Why Gadhafi Must Go Now

Friday, 04 Mar 2011 01:10 PM

By Ralph Hostetter

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Moammar Gadhafi must go. On that there is universal agreement. It is the how and where that remain the problems.

No other Mediterranean nation is begging for his transfer to their soil.

Unless there is a fairly quick resolution to the problem, a civil war may erupt in Libya.

Over the weekend, the U.N. Security Council voted 15-0 for sanctions against Libya and Moammar Gadhafi for violent acts against peaceful protesters.

Al-Jazeera English had reported last week that the death toll among protesters had exceeded 200 in Bengahzi alone. Also, that more than 100,000 refuges fled into Tunisia to escape the violence of Libyan President Moammar Gadhafi .

Gadhafi has ruled Libya with a strong authoritarian hand for some 42 years.

Gadhafi came to power at age 27, staging a bloodless coup d'etat on Sept. 1, 1969, with a band of revolutionaries, deposing Libya's King Idris, thus ending the monarchy.

Gadhafi had been inspired by Egypt's second president, General Gamal Abdel Nasser, who drove the British out of Egypt during a confrontation in January 1952 at the Suez Canal. Gadhafi came to power shortly before Nasser's death in January 1970.

John M. Curtis, L.A. City Buzz Examiner, reports that Gadhafi's defiance comes from his near-delusional attachment to Nasser and Latin American Communist revolutionary Ernesto "Che" Guevara, a compatriot of Fidel Castro of Cuba.

Curtis continues: "Gadhafi’s zealotry and past dust-ups with the United States, leads him to believe that he can hold on to power with intimidation and force."

In a nationwide address, Gadhafi called for calm in Libya. Gadhafi is blaming Osama bin Laden and radical Islam for the current unrest and uprisings.

Meanwhile, Gadhafi's forces attacked a mosque in the oil port of Az Zawiyah, 30 miles west of Tripoli, toppling the minaret and killing at least 23.

Additionally, Gadhafi warned protesters in Tripoli: "Either leave or you will see a massacre."

Libyan rebellions started only four days after Egypt's former President Hosni Mubarak resigned on Feb. 11, spreading revolution into Libya.

Libya's eastern region running from Benghazi to the Egyptian border has now fallen into rebel hands. The uprising has already caused a 20 percent jump in world oil prices.

Gadhafi's failed leadership allowed Libya to become a bastion of North African terrorism as far back as December 1988 when Pan Am Flight 103 exploded over Lockerbie, Scotland, killing 270. Lockerbie was linked immediately to Gadhafi.

The Lockerbie bombing was believed to be in retaliation for President Ronald Reagan's attack on Gadhafi's headquarters in April 1986. The Reagan attack was in retaliation for the earlier Libyan bombing of the Berlin discotheque which killed a number of U.S. servicemen.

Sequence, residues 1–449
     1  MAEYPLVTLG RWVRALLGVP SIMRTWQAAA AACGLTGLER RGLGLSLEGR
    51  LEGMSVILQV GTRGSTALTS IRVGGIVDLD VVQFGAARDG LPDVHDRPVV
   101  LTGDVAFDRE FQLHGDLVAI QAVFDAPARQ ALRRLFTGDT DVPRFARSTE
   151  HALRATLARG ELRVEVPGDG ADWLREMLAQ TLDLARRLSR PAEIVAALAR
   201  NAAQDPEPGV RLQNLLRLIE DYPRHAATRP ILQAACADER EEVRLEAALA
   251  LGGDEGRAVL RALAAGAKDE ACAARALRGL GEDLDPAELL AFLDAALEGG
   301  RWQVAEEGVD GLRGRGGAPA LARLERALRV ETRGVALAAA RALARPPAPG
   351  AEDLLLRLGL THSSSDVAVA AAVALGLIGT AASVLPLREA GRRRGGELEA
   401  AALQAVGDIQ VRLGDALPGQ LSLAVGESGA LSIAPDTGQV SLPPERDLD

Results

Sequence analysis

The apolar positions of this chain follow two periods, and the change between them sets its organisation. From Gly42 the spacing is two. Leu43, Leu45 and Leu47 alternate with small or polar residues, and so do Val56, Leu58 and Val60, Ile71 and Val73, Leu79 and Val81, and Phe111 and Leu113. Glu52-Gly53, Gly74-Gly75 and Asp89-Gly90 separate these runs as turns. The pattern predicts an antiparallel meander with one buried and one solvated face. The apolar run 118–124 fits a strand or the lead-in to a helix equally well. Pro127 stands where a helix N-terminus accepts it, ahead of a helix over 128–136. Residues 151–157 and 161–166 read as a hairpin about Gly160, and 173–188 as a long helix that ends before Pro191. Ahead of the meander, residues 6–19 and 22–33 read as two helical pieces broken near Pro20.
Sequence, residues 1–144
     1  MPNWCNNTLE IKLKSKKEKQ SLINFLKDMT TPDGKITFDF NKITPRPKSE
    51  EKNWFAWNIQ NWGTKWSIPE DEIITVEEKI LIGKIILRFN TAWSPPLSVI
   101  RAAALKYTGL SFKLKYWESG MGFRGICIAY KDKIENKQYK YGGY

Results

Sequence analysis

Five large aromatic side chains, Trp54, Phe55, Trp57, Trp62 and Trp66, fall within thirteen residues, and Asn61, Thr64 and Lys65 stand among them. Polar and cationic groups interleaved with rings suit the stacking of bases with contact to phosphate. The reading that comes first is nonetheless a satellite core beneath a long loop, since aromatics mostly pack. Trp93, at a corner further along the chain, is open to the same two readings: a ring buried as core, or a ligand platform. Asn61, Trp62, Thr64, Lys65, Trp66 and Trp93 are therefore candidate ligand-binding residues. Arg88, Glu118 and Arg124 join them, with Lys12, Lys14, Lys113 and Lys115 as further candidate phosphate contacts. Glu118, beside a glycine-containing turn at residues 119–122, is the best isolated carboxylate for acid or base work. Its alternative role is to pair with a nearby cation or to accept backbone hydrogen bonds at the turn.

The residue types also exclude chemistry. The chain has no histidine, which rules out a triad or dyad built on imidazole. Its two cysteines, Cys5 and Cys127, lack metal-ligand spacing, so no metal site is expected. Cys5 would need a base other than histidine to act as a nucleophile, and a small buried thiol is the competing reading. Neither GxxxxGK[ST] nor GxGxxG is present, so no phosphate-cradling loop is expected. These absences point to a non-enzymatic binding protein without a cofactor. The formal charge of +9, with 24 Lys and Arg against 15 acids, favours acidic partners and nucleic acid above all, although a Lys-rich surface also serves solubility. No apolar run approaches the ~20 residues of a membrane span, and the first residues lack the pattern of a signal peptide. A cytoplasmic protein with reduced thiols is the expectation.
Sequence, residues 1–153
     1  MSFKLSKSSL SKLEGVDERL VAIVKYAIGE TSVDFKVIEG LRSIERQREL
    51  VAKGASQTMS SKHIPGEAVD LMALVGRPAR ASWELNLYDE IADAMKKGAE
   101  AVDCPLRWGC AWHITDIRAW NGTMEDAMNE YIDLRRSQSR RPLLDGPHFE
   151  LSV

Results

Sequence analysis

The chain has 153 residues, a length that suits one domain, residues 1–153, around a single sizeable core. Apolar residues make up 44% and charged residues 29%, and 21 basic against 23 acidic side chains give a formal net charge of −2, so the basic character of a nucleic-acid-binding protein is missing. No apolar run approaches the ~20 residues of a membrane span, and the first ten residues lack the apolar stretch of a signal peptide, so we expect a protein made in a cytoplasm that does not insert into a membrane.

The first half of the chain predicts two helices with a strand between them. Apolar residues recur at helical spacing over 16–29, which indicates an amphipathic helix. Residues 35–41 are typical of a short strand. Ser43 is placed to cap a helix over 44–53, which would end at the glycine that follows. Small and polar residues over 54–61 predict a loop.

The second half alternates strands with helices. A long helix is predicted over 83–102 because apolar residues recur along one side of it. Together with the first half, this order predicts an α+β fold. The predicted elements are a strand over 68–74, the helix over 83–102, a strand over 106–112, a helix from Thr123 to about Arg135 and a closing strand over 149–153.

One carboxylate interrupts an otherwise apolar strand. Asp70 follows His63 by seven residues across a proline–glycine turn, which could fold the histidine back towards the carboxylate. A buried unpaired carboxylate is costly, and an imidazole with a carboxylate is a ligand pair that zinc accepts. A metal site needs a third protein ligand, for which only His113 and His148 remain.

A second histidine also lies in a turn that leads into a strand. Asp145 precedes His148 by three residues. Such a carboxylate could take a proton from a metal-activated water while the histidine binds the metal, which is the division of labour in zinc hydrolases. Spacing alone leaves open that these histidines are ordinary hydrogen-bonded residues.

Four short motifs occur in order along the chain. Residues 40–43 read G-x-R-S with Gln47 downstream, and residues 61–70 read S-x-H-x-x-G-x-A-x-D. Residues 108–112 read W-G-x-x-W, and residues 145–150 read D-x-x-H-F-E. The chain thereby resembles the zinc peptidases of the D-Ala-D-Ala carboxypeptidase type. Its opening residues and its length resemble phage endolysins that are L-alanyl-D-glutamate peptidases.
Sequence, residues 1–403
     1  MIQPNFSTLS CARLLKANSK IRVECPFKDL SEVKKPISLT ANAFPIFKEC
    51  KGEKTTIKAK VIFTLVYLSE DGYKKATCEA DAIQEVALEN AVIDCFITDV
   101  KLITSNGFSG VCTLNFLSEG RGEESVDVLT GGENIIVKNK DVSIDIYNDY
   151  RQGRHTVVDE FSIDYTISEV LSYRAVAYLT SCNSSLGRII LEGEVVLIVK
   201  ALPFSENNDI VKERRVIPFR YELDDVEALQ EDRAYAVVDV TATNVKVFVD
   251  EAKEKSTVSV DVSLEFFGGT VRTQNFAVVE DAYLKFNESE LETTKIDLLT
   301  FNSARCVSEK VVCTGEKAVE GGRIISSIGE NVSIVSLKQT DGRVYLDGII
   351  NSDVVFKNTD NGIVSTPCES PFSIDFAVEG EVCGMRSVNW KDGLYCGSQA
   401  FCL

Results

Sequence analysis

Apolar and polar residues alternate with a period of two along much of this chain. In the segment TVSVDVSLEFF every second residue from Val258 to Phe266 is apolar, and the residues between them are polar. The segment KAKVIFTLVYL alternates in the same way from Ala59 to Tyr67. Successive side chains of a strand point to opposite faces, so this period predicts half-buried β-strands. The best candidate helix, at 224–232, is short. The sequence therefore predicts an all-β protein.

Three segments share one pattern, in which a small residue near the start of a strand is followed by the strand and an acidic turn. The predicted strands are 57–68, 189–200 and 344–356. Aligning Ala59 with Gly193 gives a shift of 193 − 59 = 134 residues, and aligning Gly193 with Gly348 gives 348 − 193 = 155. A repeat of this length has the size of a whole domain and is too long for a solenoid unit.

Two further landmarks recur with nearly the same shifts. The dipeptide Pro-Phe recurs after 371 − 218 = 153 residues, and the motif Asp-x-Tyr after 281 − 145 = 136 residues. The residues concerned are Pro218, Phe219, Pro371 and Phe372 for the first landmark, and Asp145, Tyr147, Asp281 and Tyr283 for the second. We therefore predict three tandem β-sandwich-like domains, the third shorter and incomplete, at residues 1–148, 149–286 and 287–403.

The Flight 103 bomber was captured and returned to Scotland where he received a life sentence.

Shamefully, Scotland released the supposedly dying Lockerbie bomber, Abdel Baset al-Megrahi, who returned to Libya to a hero's welcome.

The present uprisings in Libya are reported to be a reflection of popular disgust for Libya's cruel, inhuman, and unstable dictator.

Gadhafi is not expected to leave quietly like Egypt's Mubarak, but rather to go down as a martyr.

An unnamed resident of Tripoli commented: "Now is the time of secret terror and secret arrests. They will go house to house and liquidate opponents that way and impose (Gadhafi's) control over Tripoli."

With growing numbers of protesters taking to the streets and taking control of Libyan cities, the possibility of Gadhafi regaining control is made more difficult as each day passes.

President Barack Obama said Gadhafi's violent crackdown "is outrageous and unacceptable." He urged the U.N. to condemn Gadhafi's gross and systematic violations of human rights by the Libyan authorities to stop the bloodshed.

Calls for a no-fly zone to be effective or even established in such a vast area as Libya would require more aircraft than there are available.

A no-fly zone can be established only after all aircraft and all airfields in the nation are taken under complete control or are destroyed, as the case may be.

At a press conference in Washington on March 3, President Obama announced that $30 billion of Libya’s assets have been frozen and that the United States is closely monitoring conditions in Libya, especially in the area of human rights violations.

No specific actions were suggested with the exception that the United States, in conjunction with other nations, would not condone Gadhafi's actions against his own people.

The eyes of the world are on Libya at the present time.

Gadhafi has been asked to step down by President Obama and other world leaders. He has refused and has indicated that he would have to be physically removed from office.

Gadhafi is well aware of the situation that Saddam Hussein faced when he was removed from a hole in the ground after he had been ordered to step down.

Gadhafi must realize that the world community, having come this far, is not about to acquiesce.

Gadhafi must step down or accept the consequences.

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